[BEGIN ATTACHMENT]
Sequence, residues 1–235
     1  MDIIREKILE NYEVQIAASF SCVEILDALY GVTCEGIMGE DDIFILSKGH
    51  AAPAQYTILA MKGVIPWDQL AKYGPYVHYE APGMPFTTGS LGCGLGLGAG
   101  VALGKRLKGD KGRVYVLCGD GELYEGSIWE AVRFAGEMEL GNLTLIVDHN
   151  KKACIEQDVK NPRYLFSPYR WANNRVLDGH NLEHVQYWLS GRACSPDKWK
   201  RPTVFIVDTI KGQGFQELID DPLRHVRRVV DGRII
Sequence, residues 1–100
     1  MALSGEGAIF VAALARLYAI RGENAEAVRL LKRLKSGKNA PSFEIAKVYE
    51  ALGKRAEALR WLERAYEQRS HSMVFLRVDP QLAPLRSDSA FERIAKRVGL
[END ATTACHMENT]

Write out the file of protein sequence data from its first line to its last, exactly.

Sequence, residues 1–235
     1  MDIIREKILE NYEVQIAASF SCVEILDALY GVTCEGIMGE DDIFILSKGH
    51  AAPAQYTILA MKGVIPWDQL AKYGPYVHYE APGMPFTTGS LGCGLGLGAG
   101  VALGKRLKGD KGRVYVLCGD GELYEGSIWE AVRFAGEMEL GNLTLIVDHN
   151  KKACIEQDVK NPRYLFSPYR WANNRVLDGH NLEHVQYWLS GRACSPDKWK
   201  RPTVFIVDTI KGQGFQELID DPLRHVRRVV DGRII
Sequence, residues 1–100
     1  MALSGEGAIF VAALARLYAI RGENAEAVRL LKRLKSGKNA PSFEIAKVYE
    51  ALGKRAEALR WLERAYEQRS HSMVFLRVDP QLAPLRSDSA FERIAKRVGL